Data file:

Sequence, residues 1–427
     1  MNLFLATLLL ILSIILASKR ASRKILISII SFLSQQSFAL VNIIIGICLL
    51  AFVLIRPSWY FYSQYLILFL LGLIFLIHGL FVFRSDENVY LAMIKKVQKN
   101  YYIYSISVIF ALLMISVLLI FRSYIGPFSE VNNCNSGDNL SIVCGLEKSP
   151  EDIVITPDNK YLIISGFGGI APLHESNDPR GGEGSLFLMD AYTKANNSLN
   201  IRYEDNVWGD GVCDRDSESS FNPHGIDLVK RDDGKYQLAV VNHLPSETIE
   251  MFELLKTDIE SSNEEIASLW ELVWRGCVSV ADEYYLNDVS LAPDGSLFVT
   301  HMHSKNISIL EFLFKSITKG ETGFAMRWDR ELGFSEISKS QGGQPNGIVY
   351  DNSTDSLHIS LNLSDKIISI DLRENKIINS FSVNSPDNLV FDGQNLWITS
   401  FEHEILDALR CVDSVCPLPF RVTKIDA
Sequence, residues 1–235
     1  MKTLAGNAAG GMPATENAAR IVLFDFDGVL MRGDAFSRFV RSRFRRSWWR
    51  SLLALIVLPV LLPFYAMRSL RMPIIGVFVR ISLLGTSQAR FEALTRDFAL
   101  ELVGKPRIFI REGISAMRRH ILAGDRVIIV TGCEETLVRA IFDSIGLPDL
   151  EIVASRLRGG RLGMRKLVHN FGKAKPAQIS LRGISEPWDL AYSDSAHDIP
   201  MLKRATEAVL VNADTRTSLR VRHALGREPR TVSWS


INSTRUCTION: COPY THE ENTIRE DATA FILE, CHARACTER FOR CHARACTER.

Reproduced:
Sequence, residues 1–427
     1  MNLFLATLLL ILSIILASKR ASRKILISII SFLSQQSFAL VNIIIGICLL
    51  AFVLIRPSWY FYSQYLILFL LGLIFLIHGL FVFRSDENVY LAMIKKVQKN
   101  YYIYSISVIF ALLMISVLLI FRSYIGPFSE VNNCNSGDNL SIVCGLEKSP
   151  EDIVITPDNK YLIISGFGGI APLHESNDPR GGEGSLFLMD AYTKANNSLN
   201  IRYEDNVWGD GVCDRDSESS FNPHGIDLVK RDDGKYQLAV VNHLPSETIE
   251  MFELLKTDIE SSNEEIASLW ELVWRGCVSV ADEYYLNDVS LAPDGSLFVT
   301  HMHSKNISIL EFLFKSITKG ETGFAMRWDR ELGFSEISKS QGGQPNGIVY
   351  DNSTDSLHIS LNLSDKIISI DLRENKIINS FSVNSPDNLV FDGQNLWITS
   401  FEHEILDALR CVDSVCPLPF RVTKIDA
Sequence, residues 1–235
     1  MKTLAGNAAG GMPATENAAR IVLFDFDGVL MRGDAFSRFV RSRFRRSWWR
    51  SLLALIVLPV LLPFYAMRSL RMPIIGVFVR ISLLGTSQAR FEALTRDFAL
   101  ELVGKPRIFI REGISAMRRH ILAGDRVIIV TGCEETLVRA IFDSIGLPDL
   151  EIVASRLRGG RLGMRKLVHN FGKAKPAQIS LRGISEPWDL AYSDSAHDIP
   201  MLKRATEAVL VNADTRTSLR VRHALGREPR TVSWS